Undergraduate Teaching 2023-24

Engineering Tripos Part IIB, 4M22: Climite Change Mitigation, 2023-24

Engineering Tripos Part IIB, 4M22: Climite Change Mitigation, 2023-24

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Module Leader

Prof. J.M. Allwood


Prof J.M. Allwood


Dr A Gonzalez Cabrera Honorio Serrenho

Timing and Structure

Michaelmas term. 14 lectures. Assessment: 100% coursework




The aims of the course are to:

  • The aim of this course is to inspire students to engage with the reality of implementing meaningful climate change mitigation and to equip them with skills to help us achieve more rapid progress.


As specific objectives, by the end of the course students should be able to:

  • By the end of the course, students should be able to:
  • Give an overview of the scientific and political imperatives for action to mitigate climate change.
  • Assess the likely scale of impact of mitigation options, by analysing their technical potential and rates of deployment within the whole system of global emissions.
  • Apply frameworks of understanding to anticipate and evaluate likely barriers to the implementation of mitigation options and to propose means to overcome them.
  • Present an assessment of a mitigation option, giving clear and evidence-based analysis of scale and challenges to implementation.


(the word “Outcome” in the descriptions below should be read as “By the end of this lecture, students should be able to…”)


Part I: Background and context

1: The physical system of greenhouse gas emissions 

Outcome: describe several consistent decompositions of global and national greenhouse gas emissions in order to place specific proposals for mitigation in a global context.

By the end of this session, you should be able to:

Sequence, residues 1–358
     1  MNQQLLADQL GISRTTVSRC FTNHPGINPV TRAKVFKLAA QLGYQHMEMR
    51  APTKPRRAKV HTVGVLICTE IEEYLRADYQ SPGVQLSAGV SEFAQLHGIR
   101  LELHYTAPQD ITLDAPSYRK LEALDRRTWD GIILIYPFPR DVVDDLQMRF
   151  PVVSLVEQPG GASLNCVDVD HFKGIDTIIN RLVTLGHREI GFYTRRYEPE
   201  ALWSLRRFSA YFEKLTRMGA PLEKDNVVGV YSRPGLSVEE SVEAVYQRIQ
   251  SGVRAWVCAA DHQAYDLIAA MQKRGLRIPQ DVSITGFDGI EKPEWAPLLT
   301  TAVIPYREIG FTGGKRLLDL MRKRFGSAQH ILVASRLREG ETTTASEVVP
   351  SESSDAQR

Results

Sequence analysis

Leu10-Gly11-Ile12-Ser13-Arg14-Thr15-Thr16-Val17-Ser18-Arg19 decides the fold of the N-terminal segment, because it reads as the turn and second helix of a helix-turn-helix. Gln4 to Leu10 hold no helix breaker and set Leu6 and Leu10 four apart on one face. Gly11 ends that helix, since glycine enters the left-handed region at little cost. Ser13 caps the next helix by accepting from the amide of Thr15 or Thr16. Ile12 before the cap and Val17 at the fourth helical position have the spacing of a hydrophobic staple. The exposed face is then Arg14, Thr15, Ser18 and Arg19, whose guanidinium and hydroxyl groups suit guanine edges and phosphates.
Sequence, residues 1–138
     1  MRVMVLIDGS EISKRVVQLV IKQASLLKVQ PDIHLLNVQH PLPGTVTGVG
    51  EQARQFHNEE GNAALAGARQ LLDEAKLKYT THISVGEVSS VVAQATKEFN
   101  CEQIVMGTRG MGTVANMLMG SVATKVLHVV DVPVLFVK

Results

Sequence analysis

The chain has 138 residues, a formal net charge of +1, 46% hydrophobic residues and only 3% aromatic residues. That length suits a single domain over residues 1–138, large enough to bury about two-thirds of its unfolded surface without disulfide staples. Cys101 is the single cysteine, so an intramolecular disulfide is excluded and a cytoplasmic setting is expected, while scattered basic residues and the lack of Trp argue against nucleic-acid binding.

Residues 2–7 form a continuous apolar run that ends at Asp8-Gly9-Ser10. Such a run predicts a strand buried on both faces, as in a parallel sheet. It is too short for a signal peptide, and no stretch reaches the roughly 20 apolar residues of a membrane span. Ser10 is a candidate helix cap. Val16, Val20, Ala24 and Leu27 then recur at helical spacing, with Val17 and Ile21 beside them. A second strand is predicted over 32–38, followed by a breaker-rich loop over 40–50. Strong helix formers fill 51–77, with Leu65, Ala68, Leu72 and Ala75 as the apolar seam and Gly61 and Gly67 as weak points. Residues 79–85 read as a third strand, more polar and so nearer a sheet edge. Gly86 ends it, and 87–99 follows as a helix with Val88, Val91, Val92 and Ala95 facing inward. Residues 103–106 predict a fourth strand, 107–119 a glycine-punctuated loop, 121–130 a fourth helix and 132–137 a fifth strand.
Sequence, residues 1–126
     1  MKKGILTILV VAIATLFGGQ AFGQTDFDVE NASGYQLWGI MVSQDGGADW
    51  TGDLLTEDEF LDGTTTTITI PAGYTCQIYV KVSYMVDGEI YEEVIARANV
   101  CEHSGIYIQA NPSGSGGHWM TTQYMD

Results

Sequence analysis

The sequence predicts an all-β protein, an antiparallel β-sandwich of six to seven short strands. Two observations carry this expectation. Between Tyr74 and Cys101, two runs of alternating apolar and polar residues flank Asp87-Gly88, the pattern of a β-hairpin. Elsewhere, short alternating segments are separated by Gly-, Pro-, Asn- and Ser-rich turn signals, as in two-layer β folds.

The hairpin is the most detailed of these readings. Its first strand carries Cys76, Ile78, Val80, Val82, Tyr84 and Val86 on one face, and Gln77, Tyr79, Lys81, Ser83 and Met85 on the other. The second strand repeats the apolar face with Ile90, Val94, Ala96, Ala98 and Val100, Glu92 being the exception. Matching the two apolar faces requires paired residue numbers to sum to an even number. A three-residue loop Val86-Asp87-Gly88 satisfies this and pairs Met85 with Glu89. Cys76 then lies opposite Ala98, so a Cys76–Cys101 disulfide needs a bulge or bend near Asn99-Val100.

• Understand the motivation for the course, its structure and assessment
  • Describe a very brief summary of the current scientific consensus on global warming
  • Explain four different decompositions of emissions statistics

2: The political context of climate mitigation

Outcome: describe the context of climate mitigation with reference to key international treaties and discuss the urgency and scale of change recommended by climate science.

Learning objectives:

  • Understanding mitigation targets
  • The structure of international governance on mitigation
  • The structure of UK governance on mitigation

Part II: Physical options for mitigation

3. Supply-side options for mitigation: energy sources and conversion

Outcome: describe the main technical options for low carbon energy supply and efficient energy conversion and discuss their technical potential and rate of deployment.

The learning objectives of this session are:

  • Overview of the global energy system from supply to final use, and trends in global and UK use
  • Options or energy supply – conventional 
  • Options or energy supply – renewable